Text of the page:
Bill Sniffin: RIP Dave Kellogg, Tall In The Saddle For Good Works In Wyoming

Columnist Bill Sniffin writes: “Dave Kellogg was sitting in his favorite chair looking out the window at those wonderful mountains. When Carol found him, he had a scotch poured but untouched on the table beside him. The only thing missing was 'a damned good cigar.'"

Bill Sniffin

April 13, 20245 min read

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(Cowboy State Daily Staff)

A Wyoming cowboy never stands so tall as when he bends over to help a young person. 

Dave Kellogg typified this attitude through his good works helping to bring about a second Cowboy State four-year college with Wyoming Catholic College in Lander. 

Kellogg, 80, died at home Tuesday, April 9.

He moved to Lander in early 1970. We moved there six months later. We have been good friends ever since.

On a personal level, we smoked a lot of cigars (with Mike Wilmer, Stan Grove, Paul Powers, Bob Carlson, John Freeh, and others) and drank a lot of scotch together over the years. He very much liked Macallan single malt scotch. As for smokes, he would take a puff of his stogie and exclaim: “That’s a damned good cigar.”

The Fox News All-Stars

Lander has a 60-year-old coffee group that now goes by the name "the Fox News All-Stars," which describes its political leanings. Dave has always been a member. If the nine guys around the table were a baseball team, he would probably be our second baseman.

He would order his biscuits and gravy with various additions and pour tabasco over them. He loved that tabasco.

Dave never dominated the discussion but every time he offered his opinion, it was always well thought out, and was greeted with great respect. Despite his small stature, he was a giant.

Not sure he would call himself a cowboy, but he always dressed like he was from Wyoming, wearing long-sleeved shirts year-around, jeans, and boots. He loved caps. He was once on the board of the Cowboy State Daily and proudly wore that cap. He had a vintage Volkswagen convertible that he drove during the summer months.

Dave was always a builder and spent a lifetime helping his community. The biggest event of this type was his work in helping Lander to acquire and build a new college back in 2005.

He and I were co-presidents of Leader Corporation, a local economic development group during that effort. We were involved in the Cornerstone Committee raising money and doing the necessary things to get picked as the final site.

When founder Bishop David Ricken announced plans for a new four-year Catholic college in the state, it took a lot of work and a lot of clever maneuvering to get the school located in Lander. The other two founders were Fr. Bob Cook and Dr. Bob Carlson. Dave became deeply involved in this and was critical to it occurring here.

The committee raised $300,000 and pledged it for the new college. Then local rancher Francie Mortenson donated her family’s ranch, which pretty much sealed the deal.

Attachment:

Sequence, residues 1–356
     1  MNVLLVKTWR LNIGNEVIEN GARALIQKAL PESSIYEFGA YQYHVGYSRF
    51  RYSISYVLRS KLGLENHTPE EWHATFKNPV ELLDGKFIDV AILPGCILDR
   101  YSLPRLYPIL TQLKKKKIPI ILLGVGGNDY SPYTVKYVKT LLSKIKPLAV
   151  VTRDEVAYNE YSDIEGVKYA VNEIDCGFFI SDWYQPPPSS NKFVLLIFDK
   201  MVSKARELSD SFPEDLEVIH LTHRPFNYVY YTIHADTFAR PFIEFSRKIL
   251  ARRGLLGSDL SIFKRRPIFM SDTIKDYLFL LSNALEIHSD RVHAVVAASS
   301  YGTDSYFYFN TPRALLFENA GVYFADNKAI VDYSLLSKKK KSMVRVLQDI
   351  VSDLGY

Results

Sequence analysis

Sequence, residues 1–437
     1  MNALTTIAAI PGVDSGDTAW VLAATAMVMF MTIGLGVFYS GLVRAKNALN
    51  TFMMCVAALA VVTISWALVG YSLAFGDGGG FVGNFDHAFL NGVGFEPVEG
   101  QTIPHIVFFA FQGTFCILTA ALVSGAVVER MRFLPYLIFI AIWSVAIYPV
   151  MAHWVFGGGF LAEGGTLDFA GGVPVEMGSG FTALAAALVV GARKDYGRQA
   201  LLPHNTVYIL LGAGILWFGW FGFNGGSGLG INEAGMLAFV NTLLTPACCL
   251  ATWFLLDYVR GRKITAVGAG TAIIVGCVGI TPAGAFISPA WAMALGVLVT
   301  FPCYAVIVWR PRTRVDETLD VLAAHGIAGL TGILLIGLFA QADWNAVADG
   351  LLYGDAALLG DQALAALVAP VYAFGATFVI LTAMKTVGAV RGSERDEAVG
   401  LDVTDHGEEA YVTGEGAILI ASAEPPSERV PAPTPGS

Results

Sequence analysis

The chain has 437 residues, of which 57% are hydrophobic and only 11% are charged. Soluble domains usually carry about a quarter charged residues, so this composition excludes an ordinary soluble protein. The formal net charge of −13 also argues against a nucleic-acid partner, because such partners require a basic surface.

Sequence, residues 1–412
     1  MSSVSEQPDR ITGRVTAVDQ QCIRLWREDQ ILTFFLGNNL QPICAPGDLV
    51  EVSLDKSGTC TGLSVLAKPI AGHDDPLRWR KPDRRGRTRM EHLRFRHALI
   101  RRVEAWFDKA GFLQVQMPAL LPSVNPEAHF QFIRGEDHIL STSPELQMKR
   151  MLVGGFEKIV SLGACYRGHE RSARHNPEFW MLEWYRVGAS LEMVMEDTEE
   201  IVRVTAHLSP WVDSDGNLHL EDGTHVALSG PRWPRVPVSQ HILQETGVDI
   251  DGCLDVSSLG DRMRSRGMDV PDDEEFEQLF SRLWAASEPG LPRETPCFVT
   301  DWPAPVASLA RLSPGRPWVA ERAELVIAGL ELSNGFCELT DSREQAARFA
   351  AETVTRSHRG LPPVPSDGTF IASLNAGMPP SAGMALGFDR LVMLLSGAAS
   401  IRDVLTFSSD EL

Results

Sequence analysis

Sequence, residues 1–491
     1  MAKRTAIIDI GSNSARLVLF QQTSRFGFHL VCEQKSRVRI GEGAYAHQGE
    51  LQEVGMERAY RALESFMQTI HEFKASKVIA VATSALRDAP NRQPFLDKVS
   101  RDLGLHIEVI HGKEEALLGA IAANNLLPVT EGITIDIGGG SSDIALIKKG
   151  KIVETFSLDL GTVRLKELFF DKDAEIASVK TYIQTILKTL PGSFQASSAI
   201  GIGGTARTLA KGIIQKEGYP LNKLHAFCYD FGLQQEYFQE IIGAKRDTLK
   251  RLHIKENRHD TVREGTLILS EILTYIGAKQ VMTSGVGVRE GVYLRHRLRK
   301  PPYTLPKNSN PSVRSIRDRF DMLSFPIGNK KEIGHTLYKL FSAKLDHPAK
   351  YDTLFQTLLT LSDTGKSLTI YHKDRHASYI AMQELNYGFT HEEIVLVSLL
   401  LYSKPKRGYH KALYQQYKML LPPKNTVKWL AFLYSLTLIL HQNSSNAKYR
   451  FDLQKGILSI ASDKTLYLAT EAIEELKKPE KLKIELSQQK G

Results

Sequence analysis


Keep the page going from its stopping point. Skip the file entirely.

Dave Studied Other Colleges

Dave then really got busy. He traveled the country looking at how other small Catholic colleges functioned and how they worked with their communities. He always feared there could be a “gown versus town” animosity and he worked tirelessly to avoid that in Lander. So far, the college and town have fit together well.

He was appointed to the original college board. As board chairman, he shepherded the tiny college through some extremely difficult times. One of the founders, Prof. Carlson, always said that Kellogg was the “fourth” founder of the school.

One of the pivotal moves made early by the school was hiring its second president, Kevin Roberts in 2013. Roberts now heads the 500,000-member Heritage Foundation based in Washington, D. C. Roberts called Kellogg “one of the greatest men I have ever known.”

Last month, the Lander Chamber of Commerce honored Kellogg with its Lifetime Contribution Award. It was well deserved. So glad this recognition occurred during his life.

At a recent college banquet, both Dave and his wife Carol, were recognized for their long service to the college. Over the past 18 years they have donated over $1 million to the school. Their 8-plex apartment complex was one of the original dorms for the school and is still being used today to house students. At no cost to the college.

He was also active in the One Shot Antelope Hunt. During the famous Lander July 4, he always served amazing Bloody Mary drinks out of the back of his pickup to the adults in the huge crowd.

Dave’s two daughters Julia and Abbey are very successful and he was proud as punch of his grandchildren.

Both Dave and Carol were long-time IBM employees. For business reasons, Dave had to move away from Lander in the early 1980s when the Wyoming economy tanked. During those stints in Colorado and Washington, he always wanted to come back to Lander. “The mountains were always calling to me,” he told me one day while sipping a scotch (“Neat, please”) and smoking a cigar.

The Mountains Were Calling

Last Tuesday, he woke up complaining about back pains but still made it to the coffee group that morning. At 11 a.m. he sent me a text inquiring about my wife Nancy’s health. Dave was always caring about others. I told him she was doing fine.

Later that afternoon, he was sitting in his favorite chair looking out the window at those wonderful mountains. When Carol found him, he had a scotch poured but untouched on the table beside him. The only thing missing was “a damned good cigar.”

Bill Sniffin can be reached at:

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Bill Sniffin

Wyoming Life Columnist

Columnist, author, and journalist Bill Sniffin writes about Wyoming life on Cowboy State Daily -- the state's most-read news publication.